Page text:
A STEP BEYOND
- Prison of the French monarchy, used by the Revolutionaries to jail aristocrats.
- Member of a fictional Persian family (in The Arabian Nights), who treated
a beggar to a mock feast. Dickens' reference- "Barmecide room"-
emphasizes that no dining ever occurred at Tellson's.
- French fortress used to confine state prisoners; the Bastille was much
hated by the people.
- Shortened form of Bethlehem Hospital for the Insane. In the 18th century
visiting Bedlam was a popular London excursion; in our own day the term
has become general for lunacy or chaos.
- Prison attached to the Palace of Justice in Paris. Marie Antoinette,
Robespierre, and other famous prisoners of the Revolution awaited execution
here; between January 1793 and July 1794 nearly 2,600 prisoners left for
- Group of French religious enthusiasts given to wild dancing and fits;
in fashion somewhat before the time Dickens describes.
- FLEET STREET
- London newspaper and business district, well known to Dickens.
- LA FORCE
- Old debtors' prison of Paris; during the Revolution it held political
- In Greek and Roman mythology, minor deities who relentlessly pursued
- Official government publication in England, containing bankruptcy and
other notices; to be "driven into the Gazette" is to be published
- GORGON'S HEAD
- Reference to Medusa, the Gorgon, a monster of Greek mythology. All who
looked at Medusa were turned to stone. The hero Perseus succeeded in cutting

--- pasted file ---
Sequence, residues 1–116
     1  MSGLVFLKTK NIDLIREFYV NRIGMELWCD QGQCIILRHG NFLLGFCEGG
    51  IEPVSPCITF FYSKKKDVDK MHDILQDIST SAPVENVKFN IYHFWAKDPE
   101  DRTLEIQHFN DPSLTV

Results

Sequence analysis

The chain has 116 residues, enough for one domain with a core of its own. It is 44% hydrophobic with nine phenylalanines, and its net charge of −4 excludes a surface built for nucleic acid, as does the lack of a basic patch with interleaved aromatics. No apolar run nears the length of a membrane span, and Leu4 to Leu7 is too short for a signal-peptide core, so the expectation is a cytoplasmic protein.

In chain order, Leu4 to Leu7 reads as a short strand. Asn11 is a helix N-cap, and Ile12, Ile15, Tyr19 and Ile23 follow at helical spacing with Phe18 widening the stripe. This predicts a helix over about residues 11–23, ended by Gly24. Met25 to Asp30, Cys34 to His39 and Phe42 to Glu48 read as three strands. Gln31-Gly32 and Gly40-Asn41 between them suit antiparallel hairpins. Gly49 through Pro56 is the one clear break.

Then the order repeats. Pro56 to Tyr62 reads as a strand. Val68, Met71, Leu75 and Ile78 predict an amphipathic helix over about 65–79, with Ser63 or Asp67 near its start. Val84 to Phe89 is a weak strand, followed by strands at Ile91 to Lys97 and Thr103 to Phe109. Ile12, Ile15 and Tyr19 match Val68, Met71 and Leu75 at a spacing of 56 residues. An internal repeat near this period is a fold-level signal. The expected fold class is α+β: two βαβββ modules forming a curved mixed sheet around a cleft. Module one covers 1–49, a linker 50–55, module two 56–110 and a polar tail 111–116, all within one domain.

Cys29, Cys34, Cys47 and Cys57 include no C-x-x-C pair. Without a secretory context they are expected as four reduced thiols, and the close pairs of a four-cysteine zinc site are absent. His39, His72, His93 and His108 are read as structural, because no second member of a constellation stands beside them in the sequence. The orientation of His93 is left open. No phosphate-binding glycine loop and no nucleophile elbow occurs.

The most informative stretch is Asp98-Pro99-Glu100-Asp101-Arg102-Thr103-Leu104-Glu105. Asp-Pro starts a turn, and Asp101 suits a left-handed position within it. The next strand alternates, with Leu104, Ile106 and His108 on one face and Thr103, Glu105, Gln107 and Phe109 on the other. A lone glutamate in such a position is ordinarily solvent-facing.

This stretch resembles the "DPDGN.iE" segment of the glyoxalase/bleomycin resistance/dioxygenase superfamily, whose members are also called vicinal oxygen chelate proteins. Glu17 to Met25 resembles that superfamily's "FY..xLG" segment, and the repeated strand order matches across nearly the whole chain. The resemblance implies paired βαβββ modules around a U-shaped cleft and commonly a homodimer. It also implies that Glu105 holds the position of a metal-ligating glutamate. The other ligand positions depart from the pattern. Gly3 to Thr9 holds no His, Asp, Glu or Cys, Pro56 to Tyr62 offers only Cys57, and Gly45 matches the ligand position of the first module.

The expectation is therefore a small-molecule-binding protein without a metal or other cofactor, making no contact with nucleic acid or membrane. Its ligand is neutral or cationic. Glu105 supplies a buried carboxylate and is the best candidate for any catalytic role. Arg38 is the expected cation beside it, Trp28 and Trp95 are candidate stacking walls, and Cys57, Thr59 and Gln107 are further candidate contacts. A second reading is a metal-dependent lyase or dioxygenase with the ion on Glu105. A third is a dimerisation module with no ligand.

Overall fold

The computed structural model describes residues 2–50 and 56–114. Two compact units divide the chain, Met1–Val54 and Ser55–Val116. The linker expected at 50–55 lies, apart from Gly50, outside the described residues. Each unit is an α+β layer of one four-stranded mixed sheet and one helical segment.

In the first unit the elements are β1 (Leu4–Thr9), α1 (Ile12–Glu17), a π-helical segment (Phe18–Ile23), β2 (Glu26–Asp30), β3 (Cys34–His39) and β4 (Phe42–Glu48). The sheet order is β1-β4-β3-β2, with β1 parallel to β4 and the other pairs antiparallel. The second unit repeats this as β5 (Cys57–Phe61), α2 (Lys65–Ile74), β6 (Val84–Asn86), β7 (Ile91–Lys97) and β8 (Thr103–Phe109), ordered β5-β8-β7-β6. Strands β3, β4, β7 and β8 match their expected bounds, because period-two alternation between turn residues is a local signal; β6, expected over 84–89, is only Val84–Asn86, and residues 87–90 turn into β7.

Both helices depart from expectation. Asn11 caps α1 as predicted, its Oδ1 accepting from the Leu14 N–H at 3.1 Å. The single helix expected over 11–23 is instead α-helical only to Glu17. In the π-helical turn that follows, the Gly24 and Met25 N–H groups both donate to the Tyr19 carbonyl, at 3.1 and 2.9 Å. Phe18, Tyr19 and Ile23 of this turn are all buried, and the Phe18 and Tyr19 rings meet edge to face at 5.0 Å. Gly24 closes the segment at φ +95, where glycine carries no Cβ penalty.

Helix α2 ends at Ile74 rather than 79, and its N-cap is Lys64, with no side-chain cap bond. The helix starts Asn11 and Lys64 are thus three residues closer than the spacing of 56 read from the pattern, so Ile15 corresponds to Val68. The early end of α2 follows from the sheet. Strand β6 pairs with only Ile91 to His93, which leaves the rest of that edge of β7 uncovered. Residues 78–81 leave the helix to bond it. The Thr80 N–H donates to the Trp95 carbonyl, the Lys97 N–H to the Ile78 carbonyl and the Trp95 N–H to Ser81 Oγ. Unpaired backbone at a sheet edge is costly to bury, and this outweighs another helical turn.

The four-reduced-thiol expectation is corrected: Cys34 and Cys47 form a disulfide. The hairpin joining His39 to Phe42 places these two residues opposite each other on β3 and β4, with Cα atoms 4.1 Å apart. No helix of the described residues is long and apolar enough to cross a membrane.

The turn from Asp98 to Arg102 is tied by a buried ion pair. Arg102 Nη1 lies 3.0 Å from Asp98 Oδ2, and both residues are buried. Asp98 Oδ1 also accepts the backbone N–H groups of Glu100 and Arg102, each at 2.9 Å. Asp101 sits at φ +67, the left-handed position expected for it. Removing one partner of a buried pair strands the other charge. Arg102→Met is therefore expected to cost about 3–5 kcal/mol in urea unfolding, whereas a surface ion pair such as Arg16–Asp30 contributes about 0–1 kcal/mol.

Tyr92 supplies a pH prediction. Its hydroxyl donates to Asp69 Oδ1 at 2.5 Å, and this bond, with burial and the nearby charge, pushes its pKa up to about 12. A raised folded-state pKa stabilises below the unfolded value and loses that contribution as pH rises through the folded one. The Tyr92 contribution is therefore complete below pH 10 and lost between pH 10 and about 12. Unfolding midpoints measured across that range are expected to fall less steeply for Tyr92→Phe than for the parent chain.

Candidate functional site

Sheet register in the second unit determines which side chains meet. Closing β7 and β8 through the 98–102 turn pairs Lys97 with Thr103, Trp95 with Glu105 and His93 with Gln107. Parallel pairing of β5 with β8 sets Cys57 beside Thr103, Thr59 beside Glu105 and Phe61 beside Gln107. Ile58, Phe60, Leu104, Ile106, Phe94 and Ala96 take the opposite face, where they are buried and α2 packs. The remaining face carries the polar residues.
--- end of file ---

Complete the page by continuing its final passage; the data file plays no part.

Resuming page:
off her head.
- HILARY TERM
- Sitting of the English High Court of Justice, extends from January to
just before Easter.
- HOTEL DE VILLE
- French term for any city hall; here, the Paris City Hall.
- Originally applied to a French peasant revolt in the Middle Ages, the
term came to mean any uprising of the common people. Jacques was the old
collective name for French peasants, which Defarge and his revolutionary
friends co-opt, proudly, as a password: "How goes it, Jacques?"
- LEONORA, BALLAD OF
- Ballad of Gothic horror, composed in 1773 and popular among European
- MICHAELMAS TERM
- Fall sitting of English High Court of Justice, beginning after September
29 (the Feast of St. Michael).
- Infamous London prison, now demolished; held prisoners awaiting trial
at the Old Bailey, next door.
- OLD BAILEY
- London court of law, remodeled into the Centre Criminal Court, but still
widely called "Old Bailey."
- Suburban pleasure garden popular with mid-18th-century Londoners, but
falling out of favor when Stryver proposes inviting Lucie Manette there.
- SAINT ANTOINE
- Suburb (faubourg) of Paris that supported primitive manufacturing; its
impoverished residents were the backbone of the Revolutionary mob.
- Greek name for king of ancient Assyria, made proverbial by his lavish
display of wealth.
- Periodic sittings or meetings of English justices of the peace; the Sessions
deal with certain crimes and statutes.
- Cosmopolitan district of central London.
- TEMPLE BAR
- London gateway dividing Fleet Street from the Strand; the heads of executed
traitors were displayed on it. Designed by Christopher Wren in 1670, Temple
Bar was removed to a private estate in 1878.
- TOWER OF LONDON
- Fortress where those imprisoned for treason awaited trial.
- TUILERIES, PALACE OF
- Paris residence of the French kings, and hated symbol of the monarchy.
Burnt down by French Revolutionaries of 1871.
- London gallows called "Tyburn tree," until 1783 for hanging
felons. Public executions became festivals, drawing large crowds.
- VAUXHALL GARDENS
- Popular suburban resort, opened in 1660, closed in 1859- the year A Tale
of Two Cities was printed.
- WALTON, IZAAK
- Author of The Compleat Angler, 17th-century treatise on fishing.
- London district between Thames and Fleet Street, long a haunt of fugitive
debtors and criminals and so an appropriate address for Jerry Cruncher,
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